4. The PEP sends a XACML Request to the Authorization PDP API with all this information about the requester and the access request, such as the requested action (HTTP method) and resource (URL path). The Authorization PDP GE evaluates the policy (defined by the developer and pushed via the Authorization PDP GE’s PAP API earlier) for the input XACML Request received from the PEP. At the end of the evaluation, the PDP GE finally returns an authorization decision (Permit or Deny) to the PEP.
  5. Depending on this decision, the PEP blocks (if Deny decision) or forwards (if Permit decision) the request to the service (REST service in this case). The application replies and the PEP forwards back the response to the requester, at last.

If you want to go into further details on the main interactions between the Authorization PDP GE and the other components shown on the picture above, please refer to the dedicated Main Interactions section.

Basic Concepts

It is useful at this point to give a quick overview of the OASIS XACML standard as it defines the essential parts of the GE features and APIs.

We can summarize it in three parts:

  • Policy language: XACML defines a XML data model for defining authorization policies, as well as the logic to follow to evaluate them in a given access request context. Rule, Policy (set of Rules), and PolicySet (set of Policy elements) constitute the main elements of the model. In short, a rule consists of a condition on the access request attributes, and a decision – Permit or Deny - to apply if the condition holds true for the request. A Policy (resp. PolicySet) combines multiple Rules (resp. Policies) and therefore multiple decisions together in various ways (defined in the standard) to make the final decision.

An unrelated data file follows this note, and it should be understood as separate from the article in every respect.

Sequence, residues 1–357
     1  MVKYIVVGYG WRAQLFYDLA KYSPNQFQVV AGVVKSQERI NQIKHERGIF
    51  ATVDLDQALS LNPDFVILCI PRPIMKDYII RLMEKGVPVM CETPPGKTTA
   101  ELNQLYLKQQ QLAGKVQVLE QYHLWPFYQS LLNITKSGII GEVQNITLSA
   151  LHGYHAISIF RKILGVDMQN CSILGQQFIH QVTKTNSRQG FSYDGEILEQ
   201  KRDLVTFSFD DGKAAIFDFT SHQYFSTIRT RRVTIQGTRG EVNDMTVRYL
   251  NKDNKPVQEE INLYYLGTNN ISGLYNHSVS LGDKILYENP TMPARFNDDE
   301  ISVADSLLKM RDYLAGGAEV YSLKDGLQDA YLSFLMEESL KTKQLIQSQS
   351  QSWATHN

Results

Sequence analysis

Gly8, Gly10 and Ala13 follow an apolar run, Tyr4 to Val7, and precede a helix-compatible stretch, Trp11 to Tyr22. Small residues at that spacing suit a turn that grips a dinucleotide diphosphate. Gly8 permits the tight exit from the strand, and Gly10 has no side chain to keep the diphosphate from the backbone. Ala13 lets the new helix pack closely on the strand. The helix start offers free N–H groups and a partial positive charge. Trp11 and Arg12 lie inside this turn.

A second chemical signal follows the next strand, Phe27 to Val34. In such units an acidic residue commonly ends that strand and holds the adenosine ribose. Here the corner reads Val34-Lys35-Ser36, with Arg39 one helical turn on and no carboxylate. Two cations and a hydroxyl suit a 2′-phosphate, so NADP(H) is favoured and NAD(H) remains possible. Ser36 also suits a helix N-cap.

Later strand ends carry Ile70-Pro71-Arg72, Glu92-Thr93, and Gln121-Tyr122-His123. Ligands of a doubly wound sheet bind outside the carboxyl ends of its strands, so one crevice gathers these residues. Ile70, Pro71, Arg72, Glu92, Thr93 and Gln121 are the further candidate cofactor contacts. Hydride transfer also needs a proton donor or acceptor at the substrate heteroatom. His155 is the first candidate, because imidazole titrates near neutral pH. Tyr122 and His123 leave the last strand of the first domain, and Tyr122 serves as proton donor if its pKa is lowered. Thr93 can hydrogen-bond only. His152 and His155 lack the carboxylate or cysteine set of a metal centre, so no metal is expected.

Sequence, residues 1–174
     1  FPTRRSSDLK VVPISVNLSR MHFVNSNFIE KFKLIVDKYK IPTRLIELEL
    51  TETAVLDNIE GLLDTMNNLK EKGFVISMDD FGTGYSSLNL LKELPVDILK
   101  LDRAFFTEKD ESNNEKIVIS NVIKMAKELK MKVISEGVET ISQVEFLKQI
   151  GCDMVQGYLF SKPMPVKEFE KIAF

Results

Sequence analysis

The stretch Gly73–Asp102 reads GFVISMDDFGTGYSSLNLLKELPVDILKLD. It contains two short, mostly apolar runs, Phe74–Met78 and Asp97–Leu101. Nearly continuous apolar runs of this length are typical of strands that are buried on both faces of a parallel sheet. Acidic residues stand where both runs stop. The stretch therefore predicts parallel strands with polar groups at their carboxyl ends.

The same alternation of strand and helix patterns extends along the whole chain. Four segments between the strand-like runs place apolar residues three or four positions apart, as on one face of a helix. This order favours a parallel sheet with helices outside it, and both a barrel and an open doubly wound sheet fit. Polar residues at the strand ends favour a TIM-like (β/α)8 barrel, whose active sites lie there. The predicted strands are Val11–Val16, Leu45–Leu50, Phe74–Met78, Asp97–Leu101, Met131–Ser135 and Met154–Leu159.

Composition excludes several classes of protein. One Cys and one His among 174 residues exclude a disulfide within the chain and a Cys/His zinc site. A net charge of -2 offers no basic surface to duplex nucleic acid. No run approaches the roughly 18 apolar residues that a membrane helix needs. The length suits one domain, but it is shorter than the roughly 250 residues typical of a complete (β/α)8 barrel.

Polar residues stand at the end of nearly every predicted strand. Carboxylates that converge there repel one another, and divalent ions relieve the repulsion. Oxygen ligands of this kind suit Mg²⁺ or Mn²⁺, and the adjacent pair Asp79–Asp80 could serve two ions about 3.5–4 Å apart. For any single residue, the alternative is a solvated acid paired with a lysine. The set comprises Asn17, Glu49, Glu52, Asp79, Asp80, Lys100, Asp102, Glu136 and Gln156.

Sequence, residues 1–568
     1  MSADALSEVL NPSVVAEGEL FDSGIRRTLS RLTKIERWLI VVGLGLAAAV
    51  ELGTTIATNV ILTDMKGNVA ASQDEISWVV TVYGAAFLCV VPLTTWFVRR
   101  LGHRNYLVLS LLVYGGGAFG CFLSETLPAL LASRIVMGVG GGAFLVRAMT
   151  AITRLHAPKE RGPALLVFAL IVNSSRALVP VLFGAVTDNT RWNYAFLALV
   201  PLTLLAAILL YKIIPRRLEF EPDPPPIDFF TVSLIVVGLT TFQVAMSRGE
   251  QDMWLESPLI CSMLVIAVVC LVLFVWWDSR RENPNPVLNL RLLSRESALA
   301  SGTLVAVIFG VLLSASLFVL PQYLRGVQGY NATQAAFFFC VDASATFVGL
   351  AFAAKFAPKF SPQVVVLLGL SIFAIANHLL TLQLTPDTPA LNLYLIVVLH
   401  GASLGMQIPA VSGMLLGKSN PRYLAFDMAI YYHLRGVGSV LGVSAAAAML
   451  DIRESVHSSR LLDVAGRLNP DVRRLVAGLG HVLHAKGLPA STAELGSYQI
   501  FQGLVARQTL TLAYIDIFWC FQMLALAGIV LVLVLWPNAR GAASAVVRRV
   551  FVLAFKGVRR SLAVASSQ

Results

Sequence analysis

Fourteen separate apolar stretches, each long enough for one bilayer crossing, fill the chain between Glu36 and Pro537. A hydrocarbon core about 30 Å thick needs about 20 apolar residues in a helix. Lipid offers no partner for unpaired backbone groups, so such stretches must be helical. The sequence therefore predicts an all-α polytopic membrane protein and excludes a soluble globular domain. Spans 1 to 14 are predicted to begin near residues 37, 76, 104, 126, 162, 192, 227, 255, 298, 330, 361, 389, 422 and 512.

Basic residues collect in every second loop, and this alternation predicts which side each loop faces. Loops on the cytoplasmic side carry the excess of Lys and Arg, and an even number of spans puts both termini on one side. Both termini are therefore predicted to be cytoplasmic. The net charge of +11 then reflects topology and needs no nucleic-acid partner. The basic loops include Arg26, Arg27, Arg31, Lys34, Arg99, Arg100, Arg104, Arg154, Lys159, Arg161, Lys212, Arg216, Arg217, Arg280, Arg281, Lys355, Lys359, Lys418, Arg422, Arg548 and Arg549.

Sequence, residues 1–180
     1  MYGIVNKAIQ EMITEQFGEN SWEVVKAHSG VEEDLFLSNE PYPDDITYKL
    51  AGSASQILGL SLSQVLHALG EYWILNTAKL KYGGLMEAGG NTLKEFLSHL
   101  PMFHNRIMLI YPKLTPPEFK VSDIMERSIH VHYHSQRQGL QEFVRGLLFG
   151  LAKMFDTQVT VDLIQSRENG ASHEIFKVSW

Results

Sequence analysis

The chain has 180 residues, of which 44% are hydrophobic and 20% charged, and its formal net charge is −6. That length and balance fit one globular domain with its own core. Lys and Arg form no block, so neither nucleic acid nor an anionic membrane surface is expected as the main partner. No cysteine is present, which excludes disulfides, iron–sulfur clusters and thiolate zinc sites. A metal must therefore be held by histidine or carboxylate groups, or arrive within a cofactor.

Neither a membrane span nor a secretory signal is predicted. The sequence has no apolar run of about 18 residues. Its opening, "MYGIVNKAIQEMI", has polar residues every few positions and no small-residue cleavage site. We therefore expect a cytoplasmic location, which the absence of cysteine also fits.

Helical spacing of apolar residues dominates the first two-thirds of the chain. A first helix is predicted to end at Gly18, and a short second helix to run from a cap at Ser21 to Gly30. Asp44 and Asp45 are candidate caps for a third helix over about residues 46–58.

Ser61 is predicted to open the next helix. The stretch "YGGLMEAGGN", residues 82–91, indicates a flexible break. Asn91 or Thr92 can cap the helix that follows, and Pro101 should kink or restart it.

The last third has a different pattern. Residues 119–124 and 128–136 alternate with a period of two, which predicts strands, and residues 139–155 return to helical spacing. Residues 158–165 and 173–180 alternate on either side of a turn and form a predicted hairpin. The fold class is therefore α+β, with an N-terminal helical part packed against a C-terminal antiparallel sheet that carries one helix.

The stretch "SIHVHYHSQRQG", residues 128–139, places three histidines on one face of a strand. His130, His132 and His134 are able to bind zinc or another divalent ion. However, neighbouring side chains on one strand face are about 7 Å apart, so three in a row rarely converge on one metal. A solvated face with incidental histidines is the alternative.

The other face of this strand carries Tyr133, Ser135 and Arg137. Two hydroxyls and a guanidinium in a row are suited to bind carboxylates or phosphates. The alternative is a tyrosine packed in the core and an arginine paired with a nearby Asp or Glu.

• Request-Response protocol: The XACML standard also defines a XML data model for the authorization decision request (XACML Request) that a PEP (described later) creates with all the necessary access request attributes and sends to the PDP API for evaluation; and the resulting response (XACML Response) that contains the final decision (Permit or Deny).
  • Architecture framework: The XACML standard also defines a high-level architecture that we are re-using and adapting in FIWARE Security Chapter, including the following major components:
    • Policy Decision Point (PDP): The PDP provides authorization decisions based on various attributes given at runtime by PEPs about each incoming access request, and XACML policies that define multiple rules checking whether those attributes (and therefore the access request) satisfy certain conditions. The attributes provided by the PEP (see below) about each access request may be attributes about the request itself: The request URL, the HTTP method; about the requester: The access requester ID, requester role. The PDP may add attributes to the context on its own, such as the current date and time when the requested is received. By replacing all the attribute references in the policy with these input values, PDP is able to evaluate the policy and determine whether the access should be granted.
    • Policy Administration Point (PAP): The PAP provides an interface for policy administrators to manage XACML policies to be enforced by the PDP. This endpoint is provided by the Authorization PDP GE as well as a RESTful API interface. The IdM GE also provides a form of graphical interface for the PAP, as part of its access management feature. This feature actually uses the Authorization PDP GE’s PAP API as backend.